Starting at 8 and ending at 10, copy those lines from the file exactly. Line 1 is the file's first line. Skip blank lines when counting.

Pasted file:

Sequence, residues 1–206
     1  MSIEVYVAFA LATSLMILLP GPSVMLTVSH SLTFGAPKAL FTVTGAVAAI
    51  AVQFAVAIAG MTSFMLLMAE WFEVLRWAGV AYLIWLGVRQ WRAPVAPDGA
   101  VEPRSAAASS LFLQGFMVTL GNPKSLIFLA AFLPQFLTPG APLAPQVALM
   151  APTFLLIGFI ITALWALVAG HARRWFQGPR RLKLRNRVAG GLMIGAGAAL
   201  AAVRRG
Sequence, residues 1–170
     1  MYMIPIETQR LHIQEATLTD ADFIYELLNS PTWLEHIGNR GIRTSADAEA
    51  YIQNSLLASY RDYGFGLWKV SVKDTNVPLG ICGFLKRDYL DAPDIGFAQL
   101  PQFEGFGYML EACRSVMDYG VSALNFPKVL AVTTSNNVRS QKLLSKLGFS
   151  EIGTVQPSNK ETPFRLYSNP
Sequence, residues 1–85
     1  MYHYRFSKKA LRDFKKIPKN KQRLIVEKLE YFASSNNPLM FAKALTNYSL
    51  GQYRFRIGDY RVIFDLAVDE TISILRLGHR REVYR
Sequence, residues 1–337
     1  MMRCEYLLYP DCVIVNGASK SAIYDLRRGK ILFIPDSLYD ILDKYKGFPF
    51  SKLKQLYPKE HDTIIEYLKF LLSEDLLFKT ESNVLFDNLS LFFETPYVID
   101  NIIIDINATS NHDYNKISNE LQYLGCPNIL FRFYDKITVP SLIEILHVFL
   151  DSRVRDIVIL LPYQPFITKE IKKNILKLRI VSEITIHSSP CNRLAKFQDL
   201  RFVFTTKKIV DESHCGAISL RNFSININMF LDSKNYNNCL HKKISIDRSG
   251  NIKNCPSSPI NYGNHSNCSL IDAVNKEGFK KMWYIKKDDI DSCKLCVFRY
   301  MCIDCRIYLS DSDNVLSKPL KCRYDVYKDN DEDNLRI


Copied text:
     1  MYMIPIETQR LHIQEATLTD ADFIYELLNS PTWLEHIGNR GIRTSADAEA
    51  YIQNSLLASY RDYGFGLWKV SVKDTNVPLG ICGFLKRDYL DAPDIGFAQL
   101  PQFEGFGYML EACRSVMDYG VSALNFPKVL AVTTSNNVRS QKLLSKLGFS